Safe Places for Risky Outdoor Play
Children inevitably suffer cuts, scrapes and other “boo-boos” in the course of swinging, sliding and climbing, but many of the 200,000 annual emergency room visits from playground accidents are preventable, according to insurance and playground experts.
Many factors contribute to eliminating known hazards so children can stretch their wings as safely as possible.
Best practices include ensuring good sight lines for supervisors, isolating bigger kids from toddlers to avoid collisions, soft surfacing under equipment, sound S-hook connectors on swings, the elimination of head and torso entrapments, coatings to seal splinters, signage to alert caregivers to remove the strings from hoodies that can result in strangulation … the list goes on.
Even with the most vigilant design and maintenance, though, “we can’t and shouldn’t eliminate all risk,” said Bill Hooker, risk manager and training program supervisor, Park District Risk Management Agency in Chicago.
“Even if we could, no child would ever want to play in a risk-free playground.”
A playground cleansed of hazards — no moving parts or heights to fall from, for example — may be so boring that resourceful children will use the equipment in a manner the manufacturer never intended, said James D. Smith, director, risk control services, Arthur J. Gallagher & Co.
“Children make up their own games on equipment, and then you have new dangers you can’t plan against.”
This creativity calls for close supervision, Smith said.
The way a community regards its playgrounds, the kind of apparatus it provides and the diligence with which it inspects and maintains them, awakens philosophical questions, said Kenneth Kutska, executive director, International Playground Safety Institute LLC.
“We ask, ‘What is our goal?’ That starts a discussion about what risk is acceptable.” On the one hand, he said, play teaches critical developmental skills, with the risk of injuries along the way.
“If we take the risk out of playgrounds, we also take out the challenge and learning opportunities. When our primary goal is to meet financial goals, we fail our children.”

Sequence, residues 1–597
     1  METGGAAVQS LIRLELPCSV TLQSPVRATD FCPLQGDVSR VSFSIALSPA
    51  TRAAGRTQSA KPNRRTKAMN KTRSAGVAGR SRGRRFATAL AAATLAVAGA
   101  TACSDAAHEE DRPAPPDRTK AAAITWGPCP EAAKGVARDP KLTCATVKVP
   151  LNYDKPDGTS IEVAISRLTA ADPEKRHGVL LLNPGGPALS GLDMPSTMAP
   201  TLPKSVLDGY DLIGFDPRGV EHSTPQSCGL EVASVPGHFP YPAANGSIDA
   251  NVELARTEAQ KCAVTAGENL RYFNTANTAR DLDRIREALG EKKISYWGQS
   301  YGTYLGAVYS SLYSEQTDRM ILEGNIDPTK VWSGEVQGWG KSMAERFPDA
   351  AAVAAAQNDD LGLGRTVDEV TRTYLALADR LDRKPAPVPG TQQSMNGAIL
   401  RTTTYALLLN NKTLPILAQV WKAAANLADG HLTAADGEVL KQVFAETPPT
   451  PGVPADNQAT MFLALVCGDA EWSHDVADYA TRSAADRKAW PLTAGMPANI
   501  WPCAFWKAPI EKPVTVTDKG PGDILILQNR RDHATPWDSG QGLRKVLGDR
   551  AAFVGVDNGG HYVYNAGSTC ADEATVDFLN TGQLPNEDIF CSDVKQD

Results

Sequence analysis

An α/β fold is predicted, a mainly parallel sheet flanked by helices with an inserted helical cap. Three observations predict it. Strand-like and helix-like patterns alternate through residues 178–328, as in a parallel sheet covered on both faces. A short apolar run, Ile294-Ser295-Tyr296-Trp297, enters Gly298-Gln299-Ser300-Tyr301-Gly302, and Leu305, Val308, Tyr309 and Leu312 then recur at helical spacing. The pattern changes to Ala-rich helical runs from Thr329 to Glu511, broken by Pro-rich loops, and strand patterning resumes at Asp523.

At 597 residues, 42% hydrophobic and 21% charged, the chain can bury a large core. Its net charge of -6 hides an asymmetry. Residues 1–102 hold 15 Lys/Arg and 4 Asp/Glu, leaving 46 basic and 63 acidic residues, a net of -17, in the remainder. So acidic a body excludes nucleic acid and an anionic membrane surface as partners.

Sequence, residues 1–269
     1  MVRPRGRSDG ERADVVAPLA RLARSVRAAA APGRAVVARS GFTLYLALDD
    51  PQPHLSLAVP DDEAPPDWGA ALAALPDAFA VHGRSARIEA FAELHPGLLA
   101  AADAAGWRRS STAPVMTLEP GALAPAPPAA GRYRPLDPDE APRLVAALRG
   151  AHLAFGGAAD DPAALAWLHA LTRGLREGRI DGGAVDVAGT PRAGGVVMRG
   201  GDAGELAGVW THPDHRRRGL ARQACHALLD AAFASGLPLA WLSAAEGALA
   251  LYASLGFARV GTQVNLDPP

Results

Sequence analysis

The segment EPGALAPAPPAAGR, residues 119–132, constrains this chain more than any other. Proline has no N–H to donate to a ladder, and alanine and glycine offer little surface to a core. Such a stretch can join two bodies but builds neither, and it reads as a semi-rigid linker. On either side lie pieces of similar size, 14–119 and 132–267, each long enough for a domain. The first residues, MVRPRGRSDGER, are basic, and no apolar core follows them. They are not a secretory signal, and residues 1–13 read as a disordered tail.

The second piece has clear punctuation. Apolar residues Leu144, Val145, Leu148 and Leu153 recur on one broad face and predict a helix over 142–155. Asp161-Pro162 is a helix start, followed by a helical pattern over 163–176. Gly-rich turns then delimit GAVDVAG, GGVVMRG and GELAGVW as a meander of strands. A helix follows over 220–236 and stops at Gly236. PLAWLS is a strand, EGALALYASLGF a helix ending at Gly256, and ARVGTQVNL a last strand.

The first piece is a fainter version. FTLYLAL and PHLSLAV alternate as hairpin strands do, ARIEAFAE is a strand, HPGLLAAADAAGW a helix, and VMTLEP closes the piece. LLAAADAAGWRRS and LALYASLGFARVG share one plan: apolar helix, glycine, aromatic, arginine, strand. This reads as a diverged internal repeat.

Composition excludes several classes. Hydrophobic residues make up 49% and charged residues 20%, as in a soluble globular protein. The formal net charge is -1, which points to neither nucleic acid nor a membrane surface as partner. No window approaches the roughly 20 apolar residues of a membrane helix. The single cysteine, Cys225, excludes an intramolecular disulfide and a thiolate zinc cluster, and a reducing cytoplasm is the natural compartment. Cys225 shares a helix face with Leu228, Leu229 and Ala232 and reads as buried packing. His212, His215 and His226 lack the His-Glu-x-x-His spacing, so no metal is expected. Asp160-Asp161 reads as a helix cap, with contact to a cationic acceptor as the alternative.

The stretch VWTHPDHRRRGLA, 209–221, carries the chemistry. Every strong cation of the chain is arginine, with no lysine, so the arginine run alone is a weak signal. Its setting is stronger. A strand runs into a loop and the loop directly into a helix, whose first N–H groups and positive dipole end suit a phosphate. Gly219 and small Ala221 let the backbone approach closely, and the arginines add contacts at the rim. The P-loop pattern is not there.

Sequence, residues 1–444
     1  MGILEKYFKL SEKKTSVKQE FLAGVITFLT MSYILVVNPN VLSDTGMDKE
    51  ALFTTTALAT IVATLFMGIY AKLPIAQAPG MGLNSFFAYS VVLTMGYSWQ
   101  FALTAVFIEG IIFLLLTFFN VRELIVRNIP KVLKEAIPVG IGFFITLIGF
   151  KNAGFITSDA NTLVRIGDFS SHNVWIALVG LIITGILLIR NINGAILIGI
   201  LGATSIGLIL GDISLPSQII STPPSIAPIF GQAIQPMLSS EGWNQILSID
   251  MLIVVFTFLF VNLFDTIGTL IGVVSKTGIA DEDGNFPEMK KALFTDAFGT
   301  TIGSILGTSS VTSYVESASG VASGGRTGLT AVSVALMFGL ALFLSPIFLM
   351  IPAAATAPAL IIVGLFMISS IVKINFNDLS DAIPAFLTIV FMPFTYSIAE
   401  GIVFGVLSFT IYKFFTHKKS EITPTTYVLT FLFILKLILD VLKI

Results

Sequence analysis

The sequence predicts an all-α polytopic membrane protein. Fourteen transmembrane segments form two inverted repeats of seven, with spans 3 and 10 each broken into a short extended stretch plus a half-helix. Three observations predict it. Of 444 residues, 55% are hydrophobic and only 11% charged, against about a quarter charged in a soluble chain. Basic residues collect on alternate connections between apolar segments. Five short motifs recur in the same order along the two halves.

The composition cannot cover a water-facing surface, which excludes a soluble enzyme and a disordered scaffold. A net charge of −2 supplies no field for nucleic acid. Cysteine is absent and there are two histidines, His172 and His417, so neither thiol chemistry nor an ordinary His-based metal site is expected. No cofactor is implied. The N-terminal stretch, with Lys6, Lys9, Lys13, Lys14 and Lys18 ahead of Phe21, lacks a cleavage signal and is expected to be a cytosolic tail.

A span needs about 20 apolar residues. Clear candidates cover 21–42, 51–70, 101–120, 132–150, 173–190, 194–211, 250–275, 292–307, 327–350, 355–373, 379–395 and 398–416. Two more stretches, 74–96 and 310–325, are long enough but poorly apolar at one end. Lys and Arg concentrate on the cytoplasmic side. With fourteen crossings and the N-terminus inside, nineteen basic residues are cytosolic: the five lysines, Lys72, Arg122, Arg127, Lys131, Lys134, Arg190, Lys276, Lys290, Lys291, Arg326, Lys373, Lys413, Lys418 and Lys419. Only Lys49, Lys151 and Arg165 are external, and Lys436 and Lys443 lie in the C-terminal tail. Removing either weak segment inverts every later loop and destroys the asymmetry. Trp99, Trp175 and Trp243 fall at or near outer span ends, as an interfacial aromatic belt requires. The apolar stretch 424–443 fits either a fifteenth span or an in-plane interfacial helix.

Minimal Legal Oversight
Communities benefit from the multitude of programs and standards that eliminate known hazards, said Timothy L. McCarty, risk control manager for Trident Public Risk Solutions.
These include the Consumer Product Safety Commission’s “Public Playground Safety Handbook,” which gives guidance on safety features such as shock-absorbent surfacing materials and safe arrangement of equipment; the American Society for Testing and Materials’ voluntary consensus standards on age-appropriate equipment, fencing, sight lines and recommended outerwear, among many other hazards; and The National Recreation and Park Association’s Playground Safety Inspector Certification.
While these programs offer “great guidance,” said McCarty, they are not law. Only 15 states regulate playgrounds. Only California, with the most robust oversight, mandates inspections. “It’s not illegal in most places to have uninspected playgrounds,” said McCarty, which puts children and communities at risk.
We can’t and shouldn’t eliminate all hazards. Even if we could, no child would ever want to play in a risk-free playground. — Bill Hooker, risk manager and training program supervisor, Park District Risk Management Agency.
Maintenance failures are the single greatest risk of loss and credibility, said Kutska, contributing to 40 percent of injuries. The other major contributors are noncompliant surfacing, failure to train or hire trained inspectors, failure to document inspections and corrections, and inadequate supervision.
Municipal and school district liability varies from state to state, said Thom Rickert, vice president, head of marketing, Trident Risk Solutions, and some states have immunity laws for owner-operators of recreational spaces. New York City has municipal regulations that require adults to be accompanied by a child to keep predators away. “Liability depends on the venue,” he said.
Heavy Wear and Tear
About 75 percent of nonfatal injuries related to playground equipment occur on public playgrounds, according to the Centers for Disease Control and Prevention, and most of those occur at schools and daycare centers — which have far fewer certified playground inspectors on staff than municipal parks, said AJG’s Smith.
School playgrounds get a disproportionate share of wear and tear, said Greg Hennecke, risk management representative, Hylant Administrative Services, and spokesperson for the National Recreation and Park Association as well as one of its certified playground safety inspector instructors.